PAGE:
For now, Transcriptic is a lean operation, with nine people working in a small two-story office that contains the company's lone work cell. To conserve costs, employees build much of their own equipment using 3D printing and laser-cutting tools. Among other things, they built an automated freezer that would have cost them $400,000 retail for about $8,000.

The company’s main competitors are the nation’s 1,100 contract research organizations, a multibillion-dollar industry that provides third-party support for clinical studies and trials. But Hodak doesn’t want his customers to merely run the occasional test — he wants them to build whole new companies and services using his robots. Eventually, he says, two people will be able to found their own biotech company working from a coffee shop: Transcriptic runs the tests, and the coffeeshop biologists sell the analysis.

It's an idea that has some appeal to biologists contacted by The Verge. "If you go into a lab, they basically look the same as they did in the 1980s, except for computers," says Josiah Zayner, a biochemist at the University of Chicago. (Among other experiments, Zayner has used proteins to create a new musical instrument.) Zayner is frustrated that computers in his lab still aren’t networked — checking in on one of them requires pulling the data off a USB drive. It seems archaic, given the progress of cloud computing. "I really think this is a step in the correct direction," he says of Transcriptic. "Imagine if science was industrialized, what could be accomplished."

"Imagine if science was industrialized, what could be accomplished."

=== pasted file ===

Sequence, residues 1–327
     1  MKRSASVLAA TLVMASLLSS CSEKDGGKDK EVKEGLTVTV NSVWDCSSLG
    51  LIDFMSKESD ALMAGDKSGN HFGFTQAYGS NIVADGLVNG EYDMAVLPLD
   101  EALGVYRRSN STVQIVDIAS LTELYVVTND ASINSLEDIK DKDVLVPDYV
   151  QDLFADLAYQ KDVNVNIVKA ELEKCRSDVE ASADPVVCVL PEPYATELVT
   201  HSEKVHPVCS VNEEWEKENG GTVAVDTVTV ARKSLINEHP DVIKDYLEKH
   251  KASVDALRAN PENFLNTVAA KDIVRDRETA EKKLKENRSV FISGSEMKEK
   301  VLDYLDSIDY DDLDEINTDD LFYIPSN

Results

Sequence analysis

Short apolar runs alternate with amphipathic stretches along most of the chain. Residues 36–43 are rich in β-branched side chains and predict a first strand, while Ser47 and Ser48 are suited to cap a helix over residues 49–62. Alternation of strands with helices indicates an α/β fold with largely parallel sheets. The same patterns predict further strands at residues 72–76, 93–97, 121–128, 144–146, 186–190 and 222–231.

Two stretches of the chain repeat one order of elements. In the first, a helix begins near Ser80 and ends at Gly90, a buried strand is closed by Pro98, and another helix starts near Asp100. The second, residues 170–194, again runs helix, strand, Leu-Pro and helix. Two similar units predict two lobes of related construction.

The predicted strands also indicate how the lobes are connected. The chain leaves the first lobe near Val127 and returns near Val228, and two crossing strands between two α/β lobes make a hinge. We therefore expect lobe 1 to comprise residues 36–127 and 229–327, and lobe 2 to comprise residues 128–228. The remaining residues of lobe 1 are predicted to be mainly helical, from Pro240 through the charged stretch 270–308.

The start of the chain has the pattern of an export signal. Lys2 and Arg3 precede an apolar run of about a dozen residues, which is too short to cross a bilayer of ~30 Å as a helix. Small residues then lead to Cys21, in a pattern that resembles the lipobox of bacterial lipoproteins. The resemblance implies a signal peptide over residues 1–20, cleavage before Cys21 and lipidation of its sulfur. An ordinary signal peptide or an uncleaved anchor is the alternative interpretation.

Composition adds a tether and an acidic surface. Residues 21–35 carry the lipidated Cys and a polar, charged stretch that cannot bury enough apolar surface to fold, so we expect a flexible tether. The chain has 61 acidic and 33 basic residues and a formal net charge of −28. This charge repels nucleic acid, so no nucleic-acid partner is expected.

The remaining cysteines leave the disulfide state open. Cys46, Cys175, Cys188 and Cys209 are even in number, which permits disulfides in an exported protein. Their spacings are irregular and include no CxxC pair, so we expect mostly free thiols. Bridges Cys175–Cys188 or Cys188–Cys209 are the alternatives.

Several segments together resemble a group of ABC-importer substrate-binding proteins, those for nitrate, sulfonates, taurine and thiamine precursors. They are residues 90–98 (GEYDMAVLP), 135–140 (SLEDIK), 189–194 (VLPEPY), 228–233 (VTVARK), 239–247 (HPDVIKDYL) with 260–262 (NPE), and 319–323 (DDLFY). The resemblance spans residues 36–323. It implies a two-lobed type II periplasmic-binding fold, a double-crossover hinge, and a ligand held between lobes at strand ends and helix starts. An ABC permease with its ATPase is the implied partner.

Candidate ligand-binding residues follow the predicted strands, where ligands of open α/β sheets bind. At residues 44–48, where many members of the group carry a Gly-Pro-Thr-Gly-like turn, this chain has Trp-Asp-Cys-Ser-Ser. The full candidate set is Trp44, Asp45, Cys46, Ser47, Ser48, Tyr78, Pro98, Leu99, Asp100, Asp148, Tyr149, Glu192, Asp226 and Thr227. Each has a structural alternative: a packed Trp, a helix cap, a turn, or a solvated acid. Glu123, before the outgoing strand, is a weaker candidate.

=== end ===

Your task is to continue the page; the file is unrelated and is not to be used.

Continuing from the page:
Chaitan Khosla, professor of chemistry and chemical engineering at Stanford, agrees. "Discovery biology and chemistry, as practiced in university and industrial labs, is more expensive than it needs to be," Khosla says. "If an organization takes on the challenge of lowering these operating costs without compromising safety and effectiveness, then that is a good thing. I would try it, and would support it, if it worked for me."

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The question for researchers will be whether they trust a small startup with their life's work. Some academics believe that completing research tasks by hand connects researchers to their work in an important way. "You'll meet professors who have an allergic reaction to outsourcing research," Byers says. Transcriptic still has to persuade customers that its results are at least as accurate as the ones they would get by hand. Direct comparisons can be difficult, Hodak says, but the company is collecting data to make its case. “Biology is very finicky, and it still takes some work to get a protocol reliable and stable on our platform,” Hodak says. “Once it's stable, it requires monitoring and periodic revalidation — but it's vastly more reliable than working by hand.”

And among the younger generation, resistance is decreasing, Hodak says. "It’s the world’s easiest sale to convince a grad student that they want to use this," he says. And if they do, Transcriptic should soon outgrow its single work cell and start building more of them. Already, it's working on a next-generation design. Soon, research may become one more information technology, managed in the cloud instead of the lab. “There isn’t a lab in the world that doesn’t have more ideas they’d like to test, more hypothesizes they’d like to run,” Hodak says. “Because it’s very expensive to run even a simple project, and it takes a lot of time, this leads to a lot of weirdness in how decisions gets made on what gets done.” Hodak's eyes widen, thinking of all the work his robots will do. "It really changes the field.”

The Verge